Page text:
Clinical Edge

Summaries of Must-Read Clinical Literature, Guidelines, and FDA Actions

Preexposure Prophylaxis to Prevent HIV Acquisition

Can new intervention reduce HIV infections?

Increasing delivery of preexposure prophylaxis (PrEP) and other highly effective HIV prevention services could lower the number of new HIV infections occurring in the US each year, according to an analysis that estimated the number of persons in the US with indications for PrEP. The study found:

• Approximately 1 in 4 sexually active HIV-negative adult men who have sex with men (MSM) have indications for PrEP.

• An estimated 1 in 5 HIV-negative persons who inject drugs have indications for PrEP.

• An estimated 1 in 200 HIV-negative heterosexually active adults have indications for PrEP.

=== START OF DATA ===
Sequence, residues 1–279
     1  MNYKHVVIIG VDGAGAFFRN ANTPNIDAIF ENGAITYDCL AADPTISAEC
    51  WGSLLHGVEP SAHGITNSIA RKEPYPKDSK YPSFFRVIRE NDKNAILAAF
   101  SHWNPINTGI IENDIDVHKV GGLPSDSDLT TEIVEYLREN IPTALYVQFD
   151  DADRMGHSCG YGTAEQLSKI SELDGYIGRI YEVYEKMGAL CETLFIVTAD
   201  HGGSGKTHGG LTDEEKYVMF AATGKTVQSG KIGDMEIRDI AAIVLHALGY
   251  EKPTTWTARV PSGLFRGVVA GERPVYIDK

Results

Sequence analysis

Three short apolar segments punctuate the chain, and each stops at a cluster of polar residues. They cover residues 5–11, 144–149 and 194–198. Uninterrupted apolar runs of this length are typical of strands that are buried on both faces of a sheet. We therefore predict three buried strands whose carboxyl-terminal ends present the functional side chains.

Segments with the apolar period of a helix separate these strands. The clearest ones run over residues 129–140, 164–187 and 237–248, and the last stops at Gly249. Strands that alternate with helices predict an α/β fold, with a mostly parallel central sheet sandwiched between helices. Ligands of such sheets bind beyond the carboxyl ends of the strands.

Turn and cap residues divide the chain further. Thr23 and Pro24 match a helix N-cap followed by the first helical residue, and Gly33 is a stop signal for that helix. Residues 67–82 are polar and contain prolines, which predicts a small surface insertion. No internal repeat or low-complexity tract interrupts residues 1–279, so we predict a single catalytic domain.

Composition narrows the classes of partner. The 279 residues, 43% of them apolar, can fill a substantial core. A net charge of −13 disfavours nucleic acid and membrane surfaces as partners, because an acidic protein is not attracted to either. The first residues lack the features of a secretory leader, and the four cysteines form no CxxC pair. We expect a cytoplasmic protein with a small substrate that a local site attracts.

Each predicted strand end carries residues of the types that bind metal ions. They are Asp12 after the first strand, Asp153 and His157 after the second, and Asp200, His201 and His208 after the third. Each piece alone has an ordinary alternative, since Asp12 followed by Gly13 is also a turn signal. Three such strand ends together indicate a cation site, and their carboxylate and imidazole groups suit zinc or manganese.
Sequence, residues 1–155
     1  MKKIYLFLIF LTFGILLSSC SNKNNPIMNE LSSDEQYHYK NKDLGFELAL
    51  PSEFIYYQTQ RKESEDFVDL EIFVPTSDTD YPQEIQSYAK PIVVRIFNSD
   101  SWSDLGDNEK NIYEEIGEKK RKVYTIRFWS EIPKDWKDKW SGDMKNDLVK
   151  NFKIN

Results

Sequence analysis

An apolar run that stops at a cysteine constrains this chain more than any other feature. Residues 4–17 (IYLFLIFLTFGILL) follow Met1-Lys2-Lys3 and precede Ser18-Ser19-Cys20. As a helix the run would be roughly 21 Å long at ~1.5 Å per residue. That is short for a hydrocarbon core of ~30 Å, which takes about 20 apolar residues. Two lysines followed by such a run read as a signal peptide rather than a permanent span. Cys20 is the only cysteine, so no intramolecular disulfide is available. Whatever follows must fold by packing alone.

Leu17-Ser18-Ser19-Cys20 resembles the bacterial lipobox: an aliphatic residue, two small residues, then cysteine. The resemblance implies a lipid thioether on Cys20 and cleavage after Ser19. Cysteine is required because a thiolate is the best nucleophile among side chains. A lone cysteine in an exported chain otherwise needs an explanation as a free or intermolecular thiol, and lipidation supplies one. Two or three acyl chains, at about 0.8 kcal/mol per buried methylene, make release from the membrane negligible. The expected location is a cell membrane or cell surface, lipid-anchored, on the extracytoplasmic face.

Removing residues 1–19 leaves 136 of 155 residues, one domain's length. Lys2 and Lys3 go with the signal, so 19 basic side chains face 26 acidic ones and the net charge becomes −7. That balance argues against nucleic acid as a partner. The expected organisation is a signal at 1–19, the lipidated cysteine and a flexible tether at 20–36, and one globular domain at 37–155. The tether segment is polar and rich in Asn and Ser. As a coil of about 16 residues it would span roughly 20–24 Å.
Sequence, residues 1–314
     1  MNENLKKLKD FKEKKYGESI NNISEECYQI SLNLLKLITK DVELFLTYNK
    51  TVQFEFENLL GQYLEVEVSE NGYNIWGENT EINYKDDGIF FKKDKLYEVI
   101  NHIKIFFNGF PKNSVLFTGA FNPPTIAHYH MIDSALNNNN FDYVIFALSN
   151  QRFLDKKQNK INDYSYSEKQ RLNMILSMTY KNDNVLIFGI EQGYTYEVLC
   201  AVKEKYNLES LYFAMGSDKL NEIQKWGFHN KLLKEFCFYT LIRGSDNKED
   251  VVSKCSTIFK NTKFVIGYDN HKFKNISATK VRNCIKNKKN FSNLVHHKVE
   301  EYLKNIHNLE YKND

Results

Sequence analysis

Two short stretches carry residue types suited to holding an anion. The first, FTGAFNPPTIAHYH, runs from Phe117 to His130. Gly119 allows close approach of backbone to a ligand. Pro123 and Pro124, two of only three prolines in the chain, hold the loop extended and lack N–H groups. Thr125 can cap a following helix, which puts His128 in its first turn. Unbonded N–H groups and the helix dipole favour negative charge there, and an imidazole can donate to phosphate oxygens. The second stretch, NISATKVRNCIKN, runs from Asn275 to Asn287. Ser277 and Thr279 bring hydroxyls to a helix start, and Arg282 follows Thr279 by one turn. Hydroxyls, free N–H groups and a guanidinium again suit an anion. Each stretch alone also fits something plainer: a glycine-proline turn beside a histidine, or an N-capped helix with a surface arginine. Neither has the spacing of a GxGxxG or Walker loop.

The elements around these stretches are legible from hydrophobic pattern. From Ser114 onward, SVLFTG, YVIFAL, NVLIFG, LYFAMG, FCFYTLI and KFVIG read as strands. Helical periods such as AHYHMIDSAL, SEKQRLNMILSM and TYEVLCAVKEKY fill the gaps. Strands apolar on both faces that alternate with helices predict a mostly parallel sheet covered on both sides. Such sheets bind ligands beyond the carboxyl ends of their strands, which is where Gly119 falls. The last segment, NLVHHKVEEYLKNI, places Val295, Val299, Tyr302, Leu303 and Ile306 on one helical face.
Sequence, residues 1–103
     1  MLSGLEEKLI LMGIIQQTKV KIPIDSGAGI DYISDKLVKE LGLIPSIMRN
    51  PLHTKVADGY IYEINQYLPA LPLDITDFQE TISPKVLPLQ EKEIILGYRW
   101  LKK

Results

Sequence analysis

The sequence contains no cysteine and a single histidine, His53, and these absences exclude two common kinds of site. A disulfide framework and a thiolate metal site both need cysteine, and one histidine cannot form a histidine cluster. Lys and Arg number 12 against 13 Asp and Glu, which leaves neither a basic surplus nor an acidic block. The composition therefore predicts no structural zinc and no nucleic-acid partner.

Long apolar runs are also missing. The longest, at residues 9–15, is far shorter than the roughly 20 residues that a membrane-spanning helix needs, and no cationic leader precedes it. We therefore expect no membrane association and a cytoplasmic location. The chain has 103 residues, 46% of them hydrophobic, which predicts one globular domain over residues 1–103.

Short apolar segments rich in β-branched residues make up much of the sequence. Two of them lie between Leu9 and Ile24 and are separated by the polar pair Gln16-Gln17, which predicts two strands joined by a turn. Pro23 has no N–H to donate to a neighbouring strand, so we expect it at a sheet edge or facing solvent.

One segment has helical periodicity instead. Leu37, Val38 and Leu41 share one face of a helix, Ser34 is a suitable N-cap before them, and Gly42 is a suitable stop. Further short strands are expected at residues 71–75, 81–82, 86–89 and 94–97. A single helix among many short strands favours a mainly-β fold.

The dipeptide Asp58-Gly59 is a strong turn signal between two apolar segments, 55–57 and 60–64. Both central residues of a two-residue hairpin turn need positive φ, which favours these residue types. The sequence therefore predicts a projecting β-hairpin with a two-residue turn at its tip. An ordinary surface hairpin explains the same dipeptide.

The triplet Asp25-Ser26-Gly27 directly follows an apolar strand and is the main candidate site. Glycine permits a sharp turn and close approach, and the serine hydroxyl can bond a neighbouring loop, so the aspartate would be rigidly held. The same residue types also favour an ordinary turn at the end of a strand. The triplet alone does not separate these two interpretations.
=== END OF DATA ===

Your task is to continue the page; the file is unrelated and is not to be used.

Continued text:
• Persons at substantial risk for HIV infection and their health care providers need to be aware of daily oral PrEP as one of several highly effective HIV prevention methods.

Citation: Smith DK, Van Handel M, Wolitski RJ, et al. Vital signs: Estimated percentages and numbers of adults with indications for preexposure prophylaxis to prevent HIV acquisition – United States, 2015. MMWR 2015;64(46);1291-1295.

Commentary: Daily preexposure prophylaxis (PrEP) for high risk HIV-negative individuals is effective at decreasing the rate of acquisition of HIV infection. Efficacy is in the range of 70% to 90%.1,2 The effectiveness of PrEP was recently confirmed in a real-world setting, showing PrEP is effective and that prescription of PrEP does not lead to an increase in risk-taking sexual behavior. PrEP is recommended by the CDC, and has received a lot of attention in the lay literature. This study shows up to 1.2 million people in the United States are good candidates for PrEP. —Neil Skolnik, MD

1. Grant RM, Lama JR, Anderson PL, et al. Preexposure chemoprophylaxis for HIV prevention in men who have sex with men. N Engl J Med 2010; 363:2587–2599.

2. Baeten JM, Donnell D, Ndase P, et al. Antiretroviral prophylaxis for HIV prevention in heterosexual men and women. N Engl J Med 2012; 367:399–410.